Some friends of mine recently returned from Guangzhou in China. They described the extraordinary phenomenon, observable there on a daily basis, of Western couples, mostly from North America, in town to collect their adopted Chinese baby daughters. They were everywhere, they said -- pushing their strollers along the sidewalks, crowding the lobby and corridors of the White Swan Hotel, and a visible presence at the \nairport. \nThe adoption of abandoned female infants from China appears, in other words, to have become big business. Books relating their authors' experience of the process no doubt stoked the fires, especially in the early years, and prominent among them must have been Emily Prager's Wuhu Diary (reviewed in Taipei Times, Sept. 9, 2001). But books describing hard times in China during the Cultural Revolution and on into the 1980s may have also played their part, if only as background. One of these was Ye Ting-ying's A Leaf in the Bitter Wind (reviewed in Taipei Times, Sept. 3, 2000). Ye is now an established author, and Throwaway Daughter is her sixth book. \nBorn in 1952, Ye was exiled to a prison labor farm at 16, attempted suicide after being denounced as a counter-revolutionary, yet went on to marry and then get work as a high-level government translator. She broke with her former life after she fell in love with her English teacher, William Bell, and emigrated with him to Canada in 1987. \nThrowaway Daughter is a novel about a young girl, Dong-mei, who was born in China and adopted while still an infant by her Canadian parents. At the start she hates everything Chinese, wanting instead only to be like her class-mates in every particular. But quickly the book offers different perspectives. It does this by means of chapters narrated by different characters. First come Dong-mei's adoptive parents, seen in the years when they were still waiting for permission to adopt at all. Then comes a range of characters from her original family in China -- her grandfather (an old-style revolutionary), her father (eager to further himself in village life by having a son), and her mother (glad to be married at all, and anxious to do what's best for her new family). \nYou have to wait almost until the book's end before Dong-mei meets her mother. By that time she's met her father, now re- \nmarried, and understood something of her story from his perspective. You've also encountered her father's fire-eating second wife. \nOne of the constants in stories of daughters being adopted from China is an unspoken criticism of their birth mothers. How could a mother do such a thing as abandon a child, leave her wrapped in a blanket on the doorstep of an orphanage? This simple book's great strength is that it looks behind this presumption at what might be the realities of such a \nsituation. \nBut another, less immediately obvious, dimension of such stories is that the thought that she was originally unwanted, rejected and "thrown away" by her natural family can well form part of such an adopted child's later psychological make-up. \nThis book neatly and economically combines these two aspects of such situations. Dong-mei goes back to China, and as a result both understands her mother's motives in giving her up, and in so doing achieves a new kind of self-respect. \nThis is not a complex novel, but its simple, transparent character should be seen as its strength. Throwaway Daughter is essentially an educative work. Not only is it about someone who gets educated in the realities of life in contemporary China, as well as the China of an earlier era. It's also a book that's eminently suited for the education of the young today. \nThis, then, is a book that is ideal for school libraries. If I was in charge of a high-school library in Taiwan, or indeed anywhere where there were students with links with China, I'd order two or three copies. It's easy to read, combines clearly-expressed emotions with a strong story line, and deals with important issues relating to questions of ethnic origin, as well as China's recent history, clearly and honestly. \nAdults are going to look at the story a little differently. They might regard it as just a touch too simple. The difference between an adult's viewpoint and that of a teenager, it could be argued, is that adults see the ironies and complexities within human relationships. Ye Ting-xing must know this better than most. When she left China for Canada she had to leave behind her Chinese husband and her five-year old daughter. \nAny remorse that this entailed can't have been a simple thing to handle. This isn't something dealt with in this book. Instead, it imagines an altogther clearer-cut, emotionally simpler, situation. But anyone who's read A Leaf in the Bitter Wind might find himself asking whether the author herself has a lost daughter somewhere hidden away in her own \npsychological closet. \nThese thoughts are not meant to detract from the virtues of this unassuming, yet in its own way sturdy, fictional work. Its qualities, as I've said, are its directness and its even-handed sympathy for all involved. There are no out-and-out villains in this story, just as there are few areas of ambiguities and few mixed motives. Its moral could be said to be that you only have to look at life from other people's points of view to understand their actions. To understand everything is to pardon everything, as the French say. \nIn actual fact the story does become more complex once Dong-mei is in China. Everything is far from a bed of roses there, and her arrival is met by some with mixed feelings. Even so, the complexities imposed by history aren't allowed to dominate the plot development. There's instead just sufficient resentment and truculence to make the story credible. Even an adolescent readership, after all, can have a quite astute sense of what the adult world is really like.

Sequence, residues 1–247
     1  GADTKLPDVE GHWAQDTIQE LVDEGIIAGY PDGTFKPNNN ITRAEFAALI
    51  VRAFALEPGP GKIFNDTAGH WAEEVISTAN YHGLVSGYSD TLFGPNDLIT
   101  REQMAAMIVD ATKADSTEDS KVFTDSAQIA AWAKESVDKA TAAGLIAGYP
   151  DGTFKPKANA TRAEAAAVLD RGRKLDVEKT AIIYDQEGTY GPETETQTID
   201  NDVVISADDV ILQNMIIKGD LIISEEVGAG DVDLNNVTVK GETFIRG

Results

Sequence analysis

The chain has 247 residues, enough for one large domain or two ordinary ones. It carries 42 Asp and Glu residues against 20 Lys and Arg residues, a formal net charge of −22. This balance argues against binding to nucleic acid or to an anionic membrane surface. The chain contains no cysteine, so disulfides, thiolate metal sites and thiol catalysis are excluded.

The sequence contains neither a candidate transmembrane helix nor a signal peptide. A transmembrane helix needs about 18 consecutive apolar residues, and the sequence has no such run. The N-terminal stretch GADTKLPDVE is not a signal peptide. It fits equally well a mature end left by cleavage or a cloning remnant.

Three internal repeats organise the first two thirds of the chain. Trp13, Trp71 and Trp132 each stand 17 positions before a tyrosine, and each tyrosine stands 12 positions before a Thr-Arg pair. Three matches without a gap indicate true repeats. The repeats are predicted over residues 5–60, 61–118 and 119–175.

Taiwan’s artist community was outraged when the authorities banned Lee Shih-chiao’s (李石樵) Reclining Nude (橫臥裸婦) from the 1936 Taiyang Art Exhibition (台陽美術展覽會). The Taiwan Daily News (台灣日日新報) reported that after hours of deliberation, the officials censored the piece for “contravening public morals.” Although the government did have rules on publicly displaying nude art, the state-run Taiwan Fine Art Exhibition regularly featured naked women, allowing more revealing pieces each year. On the same page, the newspaper ran a scathing criticism of the decision by an anonymous artist. “This is completely laughable … If they really thought [Reclining Nude] contravened public morals, they
John Thomson was a pioneering photographer in the 19th century and one of the first to journey to East Asia. In 1871, while in China he met Dr James Laidlaw Maxwell, a fellow Scotsman who was returning to Taiwan, where he served as a Presbyterian missionary. Maxwell’s description of Taiwan intrigued Thomson, and the photographer decided to accompany Maxwell to the island then known to Westerners as Formosa. Disembarking at Takow (today’s Kaohsiung) on April 2, 1871, Thomson brought with him the best photography equipment of his time, along with thousands of glass plates — an estimated 200kg of equipment. The
Alan Dolan couldn’t afford market research when he started out as a breathing instructor in 2005. Instead, he took soundings from London taxi drivers. “I’d tell them I taught people to breathe for a living — they’d be in hysterics and say: ‘What a great scam!’” Dolan says. Recently their reaction has changed: “Now they tell me about their sleep apnea or their wife’s panic attacks, ask me how that relates to breathing and often download my app.” Dolan, whose company is called Breathguru, teaches people to breathe deeply from their diaphragm, inhaling for longer than exhaling, without pausing between the
Those familiar with Jerome Keating’s work, whether through his previous books or regular op-eds in the Taipei Times, will already know his political stance. He is very open about it, and Taiwan: The Struggle Gains Focus is very much about his opinions and ideas, especially his scathing distaste for the Chinese Nationalist Party (KMT) and the Chinese Communist Party (CCP), which he calls “Pigs-1” and “Pigs-2,” respectively, in one essay. In another, he writes, “Those KMT who support the so-called 1992 consensus could consider moving to Kinmen and Matsu. From there, they could renew the ‘consensus’ with China and even